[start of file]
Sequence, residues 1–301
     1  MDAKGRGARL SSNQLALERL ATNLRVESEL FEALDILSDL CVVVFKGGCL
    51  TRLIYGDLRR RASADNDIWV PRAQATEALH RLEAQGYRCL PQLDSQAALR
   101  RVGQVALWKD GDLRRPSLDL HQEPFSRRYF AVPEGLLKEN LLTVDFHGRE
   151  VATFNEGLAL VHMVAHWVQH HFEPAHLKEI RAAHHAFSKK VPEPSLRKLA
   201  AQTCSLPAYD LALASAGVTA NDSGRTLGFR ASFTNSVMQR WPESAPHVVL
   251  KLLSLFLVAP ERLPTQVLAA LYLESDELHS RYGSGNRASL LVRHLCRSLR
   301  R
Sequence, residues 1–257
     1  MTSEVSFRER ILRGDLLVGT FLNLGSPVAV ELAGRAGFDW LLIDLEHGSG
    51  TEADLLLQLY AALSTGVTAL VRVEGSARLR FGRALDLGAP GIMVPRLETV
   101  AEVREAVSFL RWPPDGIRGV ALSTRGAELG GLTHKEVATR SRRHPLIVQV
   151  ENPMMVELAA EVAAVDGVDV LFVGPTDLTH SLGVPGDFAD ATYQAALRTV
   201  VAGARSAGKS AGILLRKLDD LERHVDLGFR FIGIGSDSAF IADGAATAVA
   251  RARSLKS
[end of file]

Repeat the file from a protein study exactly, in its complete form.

Sequence, residues 1–301
     1  MDAKGRGARL SSNQLALERL ATNLRVESEL FEALDILSDL CVVVFKGGCL
    51  TRLIYGDLRR RASADNDIWV PRAQATEALH RLEAQGYRCL PQLDSQAALR
   101  RVGQVALWKD GDLRRPSLDL HQEPFSRRYF AVPEGLLKEN LLTVDFHGRE
   151  VATFNEGLAL VHMVAHWVQH HFEPAHLKEI RAAHHAFSKK VPEPSLRKLA
   201  AQTCSLPAYD LALASAGVTA NDSGRTLGFR ASFTNSVMQR WPESAPHVVL
   251  KLLSLFLVAP ERLPTQVLAA LYLESDELHS RYGSGNRASL LVRHLCRSLR
   301  R
Sequence, residues 1–257
     1  MTSEVSFRER ILRGDLLVGT FLNLGSPVAV ELAGRAGFDW LLIDLEHGSG
    51  TEADLLLQLY AALSTGVTAL VRVEGSARLR FGRALDLGAP GIMVPRLETV
   101  AEVREAVSFL RWPPDGIRGV ALSTRGAELG GLTHKEVATR SRRHPLIVQV
   151  ENPMMVELAA EVAAVDGVDV LFVGPTDLTH SLGVPGDFAD ATYQAALRTV
   201  VAGARSAGKS AGILLRKLDD LERHVDLGFR FIGIGSDSAF IADGAATAVA
   251  RARSLKS